A Blueprint for Change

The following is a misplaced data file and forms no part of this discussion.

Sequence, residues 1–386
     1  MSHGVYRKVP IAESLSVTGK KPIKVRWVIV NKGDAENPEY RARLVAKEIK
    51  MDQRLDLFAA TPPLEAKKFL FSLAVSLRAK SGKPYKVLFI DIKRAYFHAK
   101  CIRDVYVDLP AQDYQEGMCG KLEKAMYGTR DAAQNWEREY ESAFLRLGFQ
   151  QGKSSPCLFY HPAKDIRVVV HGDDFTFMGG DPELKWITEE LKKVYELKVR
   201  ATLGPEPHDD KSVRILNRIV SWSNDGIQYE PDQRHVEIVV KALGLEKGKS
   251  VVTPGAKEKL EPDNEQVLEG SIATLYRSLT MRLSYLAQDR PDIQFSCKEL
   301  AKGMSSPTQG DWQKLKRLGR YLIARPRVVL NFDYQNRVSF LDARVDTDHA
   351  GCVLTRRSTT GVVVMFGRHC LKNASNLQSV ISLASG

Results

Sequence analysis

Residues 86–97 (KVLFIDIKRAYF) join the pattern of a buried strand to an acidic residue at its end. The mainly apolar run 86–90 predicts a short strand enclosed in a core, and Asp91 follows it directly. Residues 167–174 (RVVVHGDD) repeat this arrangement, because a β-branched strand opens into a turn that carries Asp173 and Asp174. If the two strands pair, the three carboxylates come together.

United States legal education needs to change. Simply stated, there is a shrinking demand for the product we offer. At the vast majority of American Bar Association (ABA)-accredited law schools, a large percentage of graduates are not obtaining full-time, permanent employment as practicing lawyers. This situation is partially driven by lawyer overproduction—for the last several decades, the number of law schools and law students has steadily expanded. At the same time, demand for traditional legal services has flattened and is now on the decline. There are multiple reasons for shrinking demand, including legal process outsourcing, more efficient work processes and staffing methods, automation, and flat or declining real incomes of lower and middle class citizens. Clients are also refusing to bear the training costs of junior-level lawyers—and with a plentitude of skilled senior lawyers who are unable or unwilling to retire, there is simply no need. As discussed herein, these changes are structural rather than cyclical. United States legal education exists in the present form only because of a system of federal student loans that is unsustainable, both financially and politically.
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